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'Razor-sharp, passionate' Sunday Times
'The essays in Listening to Grasshoppers are hand grenades' Observer
Could it be that democracy, the sacred answer to our short-term hopes and prayers, the protector of our individual freedoms and nurturer of our avaricious dreams, will turn out to be the endgame for the human race?
In eleven powerful, and often shocking, linked essays, Booker-prize winning novelist Arundhati Roy examines democracy's greatest experiment - India - and shows how the West's rose-tinted view often refuses to acknowledge a dark underbelly of corruption, lies and mass murder.
'The kind of passionate and unguarded read that makes a writer serious enemies' Scotland on Sunday
'After so much celebratory salesmanship about India the 'emerging market', Roy draws us into India the actual country, peeling away the gloss. She is one of the most confident and original thinkers of our time' Naomi Klein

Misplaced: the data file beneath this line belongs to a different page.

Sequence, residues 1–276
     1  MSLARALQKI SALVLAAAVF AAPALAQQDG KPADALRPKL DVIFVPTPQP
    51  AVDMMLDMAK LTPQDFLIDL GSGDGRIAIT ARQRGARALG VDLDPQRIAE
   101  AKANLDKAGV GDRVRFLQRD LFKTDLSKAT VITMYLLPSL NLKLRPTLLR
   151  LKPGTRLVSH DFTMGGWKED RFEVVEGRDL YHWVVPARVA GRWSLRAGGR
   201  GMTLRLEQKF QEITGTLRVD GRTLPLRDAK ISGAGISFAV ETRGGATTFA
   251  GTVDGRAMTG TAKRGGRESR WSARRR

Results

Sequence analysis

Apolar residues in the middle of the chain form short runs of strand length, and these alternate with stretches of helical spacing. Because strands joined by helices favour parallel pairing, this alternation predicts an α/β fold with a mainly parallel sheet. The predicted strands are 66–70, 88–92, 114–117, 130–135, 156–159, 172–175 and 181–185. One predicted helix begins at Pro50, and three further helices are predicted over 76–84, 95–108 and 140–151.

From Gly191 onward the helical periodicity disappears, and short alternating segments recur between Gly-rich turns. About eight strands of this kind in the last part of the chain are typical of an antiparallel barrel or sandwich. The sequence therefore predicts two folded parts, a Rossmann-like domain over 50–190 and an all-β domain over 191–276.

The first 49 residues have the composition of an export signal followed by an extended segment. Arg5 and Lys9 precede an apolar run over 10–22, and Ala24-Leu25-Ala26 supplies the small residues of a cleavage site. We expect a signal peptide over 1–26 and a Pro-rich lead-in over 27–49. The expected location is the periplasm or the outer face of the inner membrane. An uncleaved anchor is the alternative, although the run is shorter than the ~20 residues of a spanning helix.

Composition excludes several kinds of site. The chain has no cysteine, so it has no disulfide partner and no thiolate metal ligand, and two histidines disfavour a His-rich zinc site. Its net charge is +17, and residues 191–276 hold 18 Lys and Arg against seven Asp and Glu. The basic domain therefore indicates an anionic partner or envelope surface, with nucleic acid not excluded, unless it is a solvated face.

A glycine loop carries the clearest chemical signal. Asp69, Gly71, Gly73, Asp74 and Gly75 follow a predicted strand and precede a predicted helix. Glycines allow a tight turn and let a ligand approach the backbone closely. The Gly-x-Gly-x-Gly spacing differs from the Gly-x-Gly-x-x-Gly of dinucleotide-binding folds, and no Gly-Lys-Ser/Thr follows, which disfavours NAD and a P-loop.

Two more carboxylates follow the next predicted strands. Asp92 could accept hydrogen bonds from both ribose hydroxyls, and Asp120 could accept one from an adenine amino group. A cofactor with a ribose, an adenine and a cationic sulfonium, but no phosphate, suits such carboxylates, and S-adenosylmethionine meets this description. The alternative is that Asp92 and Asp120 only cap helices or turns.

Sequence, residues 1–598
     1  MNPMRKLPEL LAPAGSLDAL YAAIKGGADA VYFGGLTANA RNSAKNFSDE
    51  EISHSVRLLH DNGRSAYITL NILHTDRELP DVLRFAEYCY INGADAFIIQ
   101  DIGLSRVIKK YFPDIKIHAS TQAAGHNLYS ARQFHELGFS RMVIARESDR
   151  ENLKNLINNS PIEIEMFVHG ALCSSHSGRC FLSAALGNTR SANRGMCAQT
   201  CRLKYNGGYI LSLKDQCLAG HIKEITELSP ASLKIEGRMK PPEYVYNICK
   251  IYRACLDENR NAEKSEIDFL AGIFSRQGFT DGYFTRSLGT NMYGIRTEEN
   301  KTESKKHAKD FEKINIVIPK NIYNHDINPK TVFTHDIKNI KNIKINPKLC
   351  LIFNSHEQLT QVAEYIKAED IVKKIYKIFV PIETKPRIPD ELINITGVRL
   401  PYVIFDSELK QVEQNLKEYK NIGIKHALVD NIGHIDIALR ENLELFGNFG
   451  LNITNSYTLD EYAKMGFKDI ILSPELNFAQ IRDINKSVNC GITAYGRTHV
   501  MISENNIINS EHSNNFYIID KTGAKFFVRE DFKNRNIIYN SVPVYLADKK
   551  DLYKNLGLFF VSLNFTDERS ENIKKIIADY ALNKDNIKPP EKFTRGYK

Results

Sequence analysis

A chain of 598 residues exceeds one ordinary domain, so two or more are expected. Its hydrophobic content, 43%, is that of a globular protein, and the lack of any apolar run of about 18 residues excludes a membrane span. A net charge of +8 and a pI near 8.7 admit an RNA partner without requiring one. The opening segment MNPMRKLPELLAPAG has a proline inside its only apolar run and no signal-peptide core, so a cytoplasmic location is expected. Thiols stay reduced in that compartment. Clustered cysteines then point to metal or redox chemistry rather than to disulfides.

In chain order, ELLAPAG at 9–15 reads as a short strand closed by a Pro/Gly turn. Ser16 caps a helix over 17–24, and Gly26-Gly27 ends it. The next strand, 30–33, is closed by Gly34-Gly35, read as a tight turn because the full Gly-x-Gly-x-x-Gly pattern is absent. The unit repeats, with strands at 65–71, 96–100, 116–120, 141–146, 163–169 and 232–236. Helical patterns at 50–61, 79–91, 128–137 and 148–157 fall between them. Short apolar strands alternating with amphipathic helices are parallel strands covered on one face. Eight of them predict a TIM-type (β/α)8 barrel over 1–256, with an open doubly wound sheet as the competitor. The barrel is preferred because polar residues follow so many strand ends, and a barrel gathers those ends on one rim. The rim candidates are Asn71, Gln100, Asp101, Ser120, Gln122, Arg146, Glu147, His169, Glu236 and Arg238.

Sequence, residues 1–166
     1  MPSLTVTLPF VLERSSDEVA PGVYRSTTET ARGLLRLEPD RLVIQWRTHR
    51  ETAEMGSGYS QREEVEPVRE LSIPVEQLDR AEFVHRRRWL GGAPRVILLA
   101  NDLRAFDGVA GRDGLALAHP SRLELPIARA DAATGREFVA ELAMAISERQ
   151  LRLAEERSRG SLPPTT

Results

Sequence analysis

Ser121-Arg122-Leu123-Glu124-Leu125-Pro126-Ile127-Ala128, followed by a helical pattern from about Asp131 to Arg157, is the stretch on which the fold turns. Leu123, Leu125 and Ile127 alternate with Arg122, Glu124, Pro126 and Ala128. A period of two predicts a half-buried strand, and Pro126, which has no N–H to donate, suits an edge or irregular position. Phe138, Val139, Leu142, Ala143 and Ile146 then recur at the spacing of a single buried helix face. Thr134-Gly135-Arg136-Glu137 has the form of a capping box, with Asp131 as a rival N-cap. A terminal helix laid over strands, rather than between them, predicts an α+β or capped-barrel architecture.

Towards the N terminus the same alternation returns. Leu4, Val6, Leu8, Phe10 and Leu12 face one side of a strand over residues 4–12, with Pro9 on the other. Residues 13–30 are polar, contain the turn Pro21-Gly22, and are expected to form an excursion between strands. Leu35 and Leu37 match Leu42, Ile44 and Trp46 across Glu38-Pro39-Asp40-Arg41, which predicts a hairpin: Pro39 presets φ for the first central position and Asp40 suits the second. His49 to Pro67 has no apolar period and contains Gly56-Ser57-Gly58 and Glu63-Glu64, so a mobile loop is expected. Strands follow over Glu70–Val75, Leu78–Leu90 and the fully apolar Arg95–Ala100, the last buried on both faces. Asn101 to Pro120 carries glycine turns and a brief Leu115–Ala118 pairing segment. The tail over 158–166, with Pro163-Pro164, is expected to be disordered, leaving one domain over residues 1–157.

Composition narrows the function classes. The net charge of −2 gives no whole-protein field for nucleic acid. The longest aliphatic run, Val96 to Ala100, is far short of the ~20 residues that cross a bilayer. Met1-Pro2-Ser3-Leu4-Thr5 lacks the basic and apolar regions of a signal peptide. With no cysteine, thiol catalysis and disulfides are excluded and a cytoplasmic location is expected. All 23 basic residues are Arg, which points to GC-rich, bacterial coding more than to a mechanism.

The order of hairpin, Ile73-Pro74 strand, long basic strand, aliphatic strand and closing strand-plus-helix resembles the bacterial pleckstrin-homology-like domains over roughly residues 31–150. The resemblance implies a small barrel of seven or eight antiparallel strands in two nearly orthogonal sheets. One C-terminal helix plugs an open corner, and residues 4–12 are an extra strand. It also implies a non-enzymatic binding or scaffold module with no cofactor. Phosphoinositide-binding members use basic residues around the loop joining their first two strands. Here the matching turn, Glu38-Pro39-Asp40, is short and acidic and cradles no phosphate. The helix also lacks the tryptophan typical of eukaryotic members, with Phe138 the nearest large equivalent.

'Searing, painful, chilling' Noam Chomsky
'The fierceness with which Arundhati Roy loves humanity moves my heart' Alice Walker
'Arundhati Roy resists and denounces all tyrannies, pleads for their victims, and unflinchingly questions the tragic. Reflect with her on the answers she receives from the political world today' John Berger
Arundhati Roy is the author of the novel The God of Small Things, for which she was awarded the Booker Prize in 1997, and two collections of essays: The Algebra of Infinite Justice and An Ordinary Person's Guide to Empire. She lives in New Delhi, India.